Any money you receive as spousal support is generally taxable income to you.  (At least this will be true if you divorce in 2018.) Any money you receive in a property settlement is not.

For that reason, you might want to give up your right to spousal support in exchange for receiving more money now. Your spouse may want to do that too because it will end his/her obligation to support you in the future.

Trading a bigger property settlement for spousal support makes for a clean break.  It also eliminates a lot of potential problems for both parties in the future.

However, if you are already dating someone, your spouse may be much less likely to agree to give you more marital property in exchange for your waiving your right to support.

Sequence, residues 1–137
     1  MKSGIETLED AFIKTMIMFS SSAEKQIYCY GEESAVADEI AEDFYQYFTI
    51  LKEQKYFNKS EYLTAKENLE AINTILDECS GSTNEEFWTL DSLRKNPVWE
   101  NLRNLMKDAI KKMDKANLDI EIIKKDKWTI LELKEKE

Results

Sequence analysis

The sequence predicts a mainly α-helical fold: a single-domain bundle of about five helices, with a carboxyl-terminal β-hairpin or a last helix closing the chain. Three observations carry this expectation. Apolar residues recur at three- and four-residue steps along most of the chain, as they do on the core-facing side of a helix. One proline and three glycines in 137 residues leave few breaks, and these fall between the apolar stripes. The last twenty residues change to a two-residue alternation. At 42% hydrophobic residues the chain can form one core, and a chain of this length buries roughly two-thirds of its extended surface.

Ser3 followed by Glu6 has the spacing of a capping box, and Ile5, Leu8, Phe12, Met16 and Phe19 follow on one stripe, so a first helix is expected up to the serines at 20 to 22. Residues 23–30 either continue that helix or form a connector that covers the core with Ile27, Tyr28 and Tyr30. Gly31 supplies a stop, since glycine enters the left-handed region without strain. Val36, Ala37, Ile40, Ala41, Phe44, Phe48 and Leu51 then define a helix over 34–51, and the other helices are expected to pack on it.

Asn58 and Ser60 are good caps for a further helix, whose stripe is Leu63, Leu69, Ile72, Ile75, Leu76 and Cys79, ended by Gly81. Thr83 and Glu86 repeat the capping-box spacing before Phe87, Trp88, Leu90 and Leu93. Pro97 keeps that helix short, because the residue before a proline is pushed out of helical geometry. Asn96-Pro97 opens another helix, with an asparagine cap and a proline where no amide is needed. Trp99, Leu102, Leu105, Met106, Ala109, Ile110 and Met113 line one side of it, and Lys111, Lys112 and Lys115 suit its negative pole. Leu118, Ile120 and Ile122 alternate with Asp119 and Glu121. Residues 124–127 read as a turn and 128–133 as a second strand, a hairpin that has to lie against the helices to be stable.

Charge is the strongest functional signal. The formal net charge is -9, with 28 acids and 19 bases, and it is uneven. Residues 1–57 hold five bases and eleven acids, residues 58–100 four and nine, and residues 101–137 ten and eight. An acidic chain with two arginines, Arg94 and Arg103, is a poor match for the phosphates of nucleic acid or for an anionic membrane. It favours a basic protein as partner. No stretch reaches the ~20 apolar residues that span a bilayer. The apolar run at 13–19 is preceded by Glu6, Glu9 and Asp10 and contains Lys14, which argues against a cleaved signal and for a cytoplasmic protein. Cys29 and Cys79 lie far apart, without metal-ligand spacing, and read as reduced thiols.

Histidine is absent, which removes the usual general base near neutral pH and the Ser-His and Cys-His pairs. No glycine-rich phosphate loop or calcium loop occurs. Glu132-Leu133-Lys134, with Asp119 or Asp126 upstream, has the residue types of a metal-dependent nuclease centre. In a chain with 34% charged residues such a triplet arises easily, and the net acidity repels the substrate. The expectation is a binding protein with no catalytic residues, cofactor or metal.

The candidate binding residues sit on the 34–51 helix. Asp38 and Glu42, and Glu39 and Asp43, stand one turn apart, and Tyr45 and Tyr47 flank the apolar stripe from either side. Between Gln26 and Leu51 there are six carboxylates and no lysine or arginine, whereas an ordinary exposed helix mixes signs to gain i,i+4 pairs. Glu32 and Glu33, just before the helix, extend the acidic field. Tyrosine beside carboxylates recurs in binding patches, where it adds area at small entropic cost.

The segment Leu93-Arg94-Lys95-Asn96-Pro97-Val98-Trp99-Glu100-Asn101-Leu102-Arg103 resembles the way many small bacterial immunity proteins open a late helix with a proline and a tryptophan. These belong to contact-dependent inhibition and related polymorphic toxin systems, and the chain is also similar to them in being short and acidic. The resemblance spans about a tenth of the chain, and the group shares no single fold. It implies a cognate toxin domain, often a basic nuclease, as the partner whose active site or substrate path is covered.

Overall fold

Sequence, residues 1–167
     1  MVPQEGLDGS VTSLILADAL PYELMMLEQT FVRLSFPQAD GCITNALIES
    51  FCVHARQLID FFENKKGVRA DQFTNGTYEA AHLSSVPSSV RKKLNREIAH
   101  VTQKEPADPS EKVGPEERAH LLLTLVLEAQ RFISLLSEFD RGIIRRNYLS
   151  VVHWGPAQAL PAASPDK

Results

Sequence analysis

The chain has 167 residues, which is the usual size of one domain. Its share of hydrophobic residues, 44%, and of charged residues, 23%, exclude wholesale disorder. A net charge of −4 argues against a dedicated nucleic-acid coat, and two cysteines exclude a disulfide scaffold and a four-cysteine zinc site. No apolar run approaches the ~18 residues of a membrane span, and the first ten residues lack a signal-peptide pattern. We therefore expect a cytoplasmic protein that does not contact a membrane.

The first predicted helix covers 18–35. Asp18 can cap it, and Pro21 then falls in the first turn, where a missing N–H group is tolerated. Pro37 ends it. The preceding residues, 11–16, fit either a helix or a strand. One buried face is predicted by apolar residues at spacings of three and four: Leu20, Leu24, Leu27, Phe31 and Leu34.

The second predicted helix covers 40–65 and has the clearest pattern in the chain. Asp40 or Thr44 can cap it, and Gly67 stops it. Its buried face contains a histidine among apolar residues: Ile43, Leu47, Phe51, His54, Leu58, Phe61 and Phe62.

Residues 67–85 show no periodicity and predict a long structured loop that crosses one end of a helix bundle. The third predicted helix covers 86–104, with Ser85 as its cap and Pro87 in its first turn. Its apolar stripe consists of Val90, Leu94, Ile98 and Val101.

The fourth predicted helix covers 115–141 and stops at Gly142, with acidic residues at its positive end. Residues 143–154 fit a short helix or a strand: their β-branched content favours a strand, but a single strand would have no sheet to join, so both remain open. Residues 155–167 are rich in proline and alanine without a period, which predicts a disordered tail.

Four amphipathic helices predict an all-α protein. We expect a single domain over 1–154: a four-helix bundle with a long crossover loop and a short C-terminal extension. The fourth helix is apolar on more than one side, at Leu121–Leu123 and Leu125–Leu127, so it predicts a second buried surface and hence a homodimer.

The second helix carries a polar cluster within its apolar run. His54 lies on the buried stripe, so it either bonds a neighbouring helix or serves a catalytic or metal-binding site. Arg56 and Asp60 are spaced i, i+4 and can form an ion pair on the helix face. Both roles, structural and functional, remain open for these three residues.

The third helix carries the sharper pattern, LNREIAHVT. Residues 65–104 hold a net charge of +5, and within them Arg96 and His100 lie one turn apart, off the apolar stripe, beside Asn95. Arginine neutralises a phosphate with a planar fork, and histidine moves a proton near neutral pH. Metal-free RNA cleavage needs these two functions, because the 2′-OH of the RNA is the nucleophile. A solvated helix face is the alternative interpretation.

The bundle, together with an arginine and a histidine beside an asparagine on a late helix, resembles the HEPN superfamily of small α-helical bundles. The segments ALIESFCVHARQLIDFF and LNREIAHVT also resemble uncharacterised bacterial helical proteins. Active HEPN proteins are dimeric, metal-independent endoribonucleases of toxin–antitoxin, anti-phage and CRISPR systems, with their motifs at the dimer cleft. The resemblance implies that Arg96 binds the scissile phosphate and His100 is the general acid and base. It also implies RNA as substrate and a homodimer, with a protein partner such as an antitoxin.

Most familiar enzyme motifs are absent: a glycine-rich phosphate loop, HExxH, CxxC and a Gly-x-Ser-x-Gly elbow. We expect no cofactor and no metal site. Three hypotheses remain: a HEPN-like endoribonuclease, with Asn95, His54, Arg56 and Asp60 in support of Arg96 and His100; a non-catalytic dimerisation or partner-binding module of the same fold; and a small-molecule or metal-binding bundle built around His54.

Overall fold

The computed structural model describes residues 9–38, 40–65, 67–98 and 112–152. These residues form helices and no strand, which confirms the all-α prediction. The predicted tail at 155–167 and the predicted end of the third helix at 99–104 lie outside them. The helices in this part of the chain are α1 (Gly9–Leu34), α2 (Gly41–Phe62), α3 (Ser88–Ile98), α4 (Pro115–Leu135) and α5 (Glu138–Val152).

Instead, your spouse will probably opt to pay you support over time. That way, your spouse won’t have to give up any extra marital property.  Then as soon as you and your new love start living together, your spouse can stop paying spousal support, too.

5. Dating during divorce can hurt your post-divorce parenting.

When you and your spouse are trying to make a parenting plan, each of you assumes that the other will be alone with the children during your scheduled parenting time. When that changes, making a parenting plan can suddenly get way more complicated.

It is not unusual for the non-dating parent to feel like s/he has already been replaced by the “other person.” That makes him/her even less crazy about giving up any time with the kids.

What’s more, the non-dating parent now not only worries about how the dating parent will raise the kids, but how the dating parent’s new squeeze will affect the kids, too!

All of this makes reaching a reasonable parenting agreement infinitely more difficult.

Sad little girl looking at her watch. Make time for your kids!